Financial stress alone can be debilitating, making it difficult to concentrate on work and other daily requirements. But when both workplace stress and financial concerns coalesce, getting through the workday becomes a Sisyphean task.
There’s a reason why debt is causing Canadians a few ulcers; according to credit agency Equifax Canada, it hit a record $1.422 trillion in the fourth quarter of 2013.
How to Know When You’ve Had Enough
Walking around with a pit in your stomach is no way to live – if this is how you feel, it may be time to talk to a counselor, or address your financial stress with an advisor.
Key physical indicators include insomnia, an inability to concentrate, bouts of depression and adverse emotional reactions like irritability and anger. These emotions can make even the most menial tasks difficult to accomplish.
When Stress Affects the Bottom Line
The compounding effects of workplace and financial stress have grown to the point where employers are starting to take notice.
A recent study put together by Toronto-based Employee Financial Well-Being – a company focused on providing financial education to employees in the workplace – found that of 608 employees at Canadian companies with more than 50 employees, one in four are financially distressed. They also found dealing with personal finances is eating up more than an hour of each working day.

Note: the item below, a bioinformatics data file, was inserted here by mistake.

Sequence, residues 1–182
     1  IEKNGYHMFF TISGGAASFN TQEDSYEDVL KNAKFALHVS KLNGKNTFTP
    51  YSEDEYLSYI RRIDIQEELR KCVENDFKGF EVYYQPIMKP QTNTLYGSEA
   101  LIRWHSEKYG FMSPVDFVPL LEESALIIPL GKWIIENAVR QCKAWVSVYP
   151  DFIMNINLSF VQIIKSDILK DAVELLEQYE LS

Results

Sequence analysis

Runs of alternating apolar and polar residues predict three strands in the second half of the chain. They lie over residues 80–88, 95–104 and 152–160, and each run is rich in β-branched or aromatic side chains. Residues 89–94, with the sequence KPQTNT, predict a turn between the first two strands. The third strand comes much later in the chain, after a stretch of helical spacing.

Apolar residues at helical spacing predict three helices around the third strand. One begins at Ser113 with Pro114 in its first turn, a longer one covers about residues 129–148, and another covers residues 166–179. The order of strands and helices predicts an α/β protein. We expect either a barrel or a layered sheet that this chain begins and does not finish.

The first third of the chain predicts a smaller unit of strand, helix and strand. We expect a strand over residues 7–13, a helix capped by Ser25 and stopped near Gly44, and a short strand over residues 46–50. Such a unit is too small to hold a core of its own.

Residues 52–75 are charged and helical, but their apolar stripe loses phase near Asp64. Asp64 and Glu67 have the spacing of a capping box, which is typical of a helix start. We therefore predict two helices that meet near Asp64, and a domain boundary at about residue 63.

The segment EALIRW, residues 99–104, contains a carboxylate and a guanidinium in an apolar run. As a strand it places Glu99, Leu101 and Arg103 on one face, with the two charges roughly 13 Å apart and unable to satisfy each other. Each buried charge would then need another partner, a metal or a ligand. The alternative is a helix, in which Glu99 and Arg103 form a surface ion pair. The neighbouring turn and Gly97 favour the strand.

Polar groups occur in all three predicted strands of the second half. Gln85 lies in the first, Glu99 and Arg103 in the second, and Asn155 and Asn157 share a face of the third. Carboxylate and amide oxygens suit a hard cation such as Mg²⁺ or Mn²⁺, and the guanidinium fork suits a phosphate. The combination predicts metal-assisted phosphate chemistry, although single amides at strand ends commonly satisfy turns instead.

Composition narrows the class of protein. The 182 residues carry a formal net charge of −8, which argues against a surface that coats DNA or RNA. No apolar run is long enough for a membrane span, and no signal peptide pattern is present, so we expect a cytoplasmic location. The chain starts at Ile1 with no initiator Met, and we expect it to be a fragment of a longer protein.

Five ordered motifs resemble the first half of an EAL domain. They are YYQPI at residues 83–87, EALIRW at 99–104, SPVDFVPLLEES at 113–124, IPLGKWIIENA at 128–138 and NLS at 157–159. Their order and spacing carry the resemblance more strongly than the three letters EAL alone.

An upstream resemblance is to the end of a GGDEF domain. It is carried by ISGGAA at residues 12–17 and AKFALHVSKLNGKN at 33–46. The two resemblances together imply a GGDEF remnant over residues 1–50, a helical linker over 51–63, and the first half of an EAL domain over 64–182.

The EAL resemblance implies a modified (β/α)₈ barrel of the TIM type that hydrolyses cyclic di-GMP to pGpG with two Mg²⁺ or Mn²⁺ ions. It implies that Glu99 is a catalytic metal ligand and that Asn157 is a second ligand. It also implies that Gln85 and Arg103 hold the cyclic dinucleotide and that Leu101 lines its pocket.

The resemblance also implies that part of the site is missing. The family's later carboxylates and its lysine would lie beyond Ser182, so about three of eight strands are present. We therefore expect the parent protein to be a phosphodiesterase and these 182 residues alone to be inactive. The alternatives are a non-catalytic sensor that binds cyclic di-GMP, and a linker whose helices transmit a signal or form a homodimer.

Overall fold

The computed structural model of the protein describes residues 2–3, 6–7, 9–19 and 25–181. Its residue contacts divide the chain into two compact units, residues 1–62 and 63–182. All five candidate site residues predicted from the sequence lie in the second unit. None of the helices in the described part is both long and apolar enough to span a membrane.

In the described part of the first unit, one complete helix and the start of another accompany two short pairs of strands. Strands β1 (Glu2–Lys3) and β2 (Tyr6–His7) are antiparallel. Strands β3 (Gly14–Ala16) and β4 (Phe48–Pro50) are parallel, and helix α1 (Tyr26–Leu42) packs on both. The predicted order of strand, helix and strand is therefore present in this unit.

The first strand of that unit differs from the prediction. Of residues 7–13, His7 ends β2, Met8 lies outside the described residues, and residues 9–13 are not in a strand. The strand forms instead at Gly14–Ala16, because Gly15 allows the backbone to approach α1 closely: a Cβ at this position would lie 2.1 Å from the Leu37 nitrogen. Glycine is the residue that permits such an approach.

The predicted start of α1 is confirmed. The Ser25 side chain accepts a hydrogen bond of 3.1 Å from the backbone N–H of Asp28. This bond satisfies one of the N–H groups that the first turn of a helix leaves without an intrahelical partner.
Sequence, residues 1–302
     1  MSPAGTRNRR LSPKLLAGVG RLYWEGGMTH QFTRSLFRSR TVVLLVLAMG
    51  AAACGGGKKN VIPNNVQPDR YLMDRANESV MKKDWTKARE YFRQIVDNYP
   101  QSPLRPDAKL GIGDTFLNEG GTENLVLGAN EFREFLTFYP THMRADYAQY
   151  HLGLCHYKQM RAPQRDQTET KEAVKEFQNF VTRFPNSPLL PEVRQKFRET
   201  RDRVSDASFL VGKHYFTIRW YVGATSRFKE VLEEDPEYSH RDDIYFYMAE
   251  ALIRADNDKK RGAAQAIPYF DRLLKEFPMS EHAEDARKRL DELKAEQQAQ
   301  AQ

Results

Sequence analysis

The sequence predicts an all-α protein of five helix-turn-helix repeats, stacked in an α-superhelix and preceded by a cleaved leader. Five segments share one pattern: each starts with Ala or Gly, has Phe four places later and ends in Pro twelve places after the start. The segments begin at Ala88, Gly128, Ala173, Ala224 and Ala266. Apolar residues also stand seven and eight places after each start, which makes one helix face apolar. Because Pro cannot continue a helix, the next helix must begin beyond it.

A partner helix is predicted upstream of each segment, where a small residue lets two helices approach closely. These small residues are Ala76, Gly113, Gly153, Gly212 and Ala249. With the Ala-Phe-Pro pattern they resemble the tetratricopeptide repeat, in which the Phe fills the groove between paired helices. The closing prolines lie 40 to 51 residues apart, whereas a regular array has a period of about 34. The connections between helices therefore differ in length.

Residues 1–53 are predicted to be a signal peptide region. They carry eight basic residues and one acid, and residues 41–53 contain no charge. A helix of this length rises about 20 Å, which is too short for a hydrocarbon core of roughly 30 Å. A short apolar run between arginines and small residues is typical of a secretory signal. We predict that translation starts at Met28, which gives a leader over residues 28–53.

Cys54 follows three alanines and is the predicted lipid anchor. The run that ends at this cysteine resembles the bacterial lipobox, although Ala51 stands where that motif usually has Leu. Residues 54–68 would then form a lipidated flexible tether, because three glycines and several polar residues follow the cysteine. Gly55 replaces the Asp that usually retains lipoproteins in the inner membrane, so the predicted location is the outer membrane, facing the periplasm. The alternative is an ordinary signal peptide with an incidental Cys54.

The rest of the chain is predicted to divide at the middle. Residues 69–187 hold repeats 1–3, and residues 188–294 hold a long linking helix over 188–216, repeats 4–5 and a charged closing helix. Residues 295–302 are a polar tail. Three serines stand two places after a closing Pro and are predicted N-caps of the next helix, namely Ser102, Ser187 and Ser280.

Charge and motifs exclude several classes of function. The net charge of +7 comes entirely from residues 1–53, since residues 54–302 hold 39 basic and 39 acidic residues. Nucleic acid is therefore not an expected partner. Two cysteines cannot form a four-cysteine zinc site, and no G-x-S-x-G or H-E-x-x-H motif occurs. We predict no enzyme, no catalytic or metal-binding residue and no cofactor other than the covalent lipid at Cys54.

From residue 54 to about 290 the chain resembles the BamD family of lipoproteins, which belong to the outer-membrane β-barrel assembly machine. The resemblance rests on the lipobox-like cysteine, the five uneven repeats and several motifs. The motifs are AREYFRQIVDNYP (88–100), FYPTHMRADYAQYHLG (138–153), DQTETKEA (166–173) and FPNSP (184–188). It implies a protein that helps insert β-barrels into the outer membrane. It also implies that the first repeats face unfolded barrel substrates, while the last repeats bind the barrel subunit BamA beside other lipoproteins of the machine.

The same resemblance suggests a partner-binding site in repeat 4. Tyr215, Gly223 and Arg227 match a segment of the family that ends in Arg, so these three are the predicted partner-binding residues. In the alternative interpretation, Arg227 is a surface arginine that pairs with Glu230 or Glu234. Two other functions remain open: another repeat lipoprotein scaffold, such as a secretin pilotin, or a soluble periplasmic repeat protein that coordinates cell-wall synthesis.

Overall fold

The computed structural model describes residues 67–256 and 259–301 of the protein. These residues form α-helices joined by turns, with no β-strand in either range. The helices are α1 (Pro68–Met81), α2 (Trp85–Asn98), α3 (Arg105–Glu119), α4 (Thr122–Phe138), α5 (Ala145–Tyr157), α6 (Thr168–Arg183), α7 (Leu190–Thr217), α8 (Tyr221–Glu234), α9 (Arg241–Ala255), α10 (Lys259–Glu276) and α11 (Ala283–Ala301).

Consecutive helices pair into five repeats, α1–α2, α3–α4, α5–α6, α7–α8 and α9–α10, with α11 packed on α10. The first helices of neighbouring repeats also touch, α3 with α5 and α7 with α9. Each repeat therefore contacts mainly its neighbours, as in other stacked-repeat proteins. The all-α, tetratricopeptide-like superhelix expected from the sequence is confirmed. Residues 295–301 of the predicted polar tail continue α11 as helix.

Struggling in the Present
For employers, presenteeism – being present in the workplace physically but mentally off in la-la land – can mean unproductive staff, missed deadlines and sub-par work ethic.
But Frank Wiginton, CEO of Employee Financial Well-Being, believes the key to bucking those trends lies in bolstering financial literacy services as part of the customary wellness packages usually offered like gym memberships and employee counseling.
“It’s about time that employee wellness dealt with issues that matter most to employees,” Wiginton told The Insurance and Investment Journal. “People under financial stress are more likely to suffer depression, anxiety, heart attacks, ulcers, digestive track problems and migraines.”
Employers Need to Turn it Around
According to a survey by the Employee Financial Education Division, employers are starting to take notice with half of employees saying the companies they work offer education to boost their financial literacy. Counselors and financial advisors can help educate employees how to live within their budgets, set aside an adequate amount for retirement and handle mortgages.
“Employers can play a proactive role by providing financial literacy education in the workplace to teach employees the skills needed to tackle their debt loads,” says Doug Jones, senior vice president and trustee of BDO Canada Limited, an organization geared towards helping Ontarians with their debt. “When the money issues become manageable then the employee’s stress level will reduce and they will be more productive in the workplace – it is a win-win for everyone.”
That is, if employees can gain the confidence to admit they need help.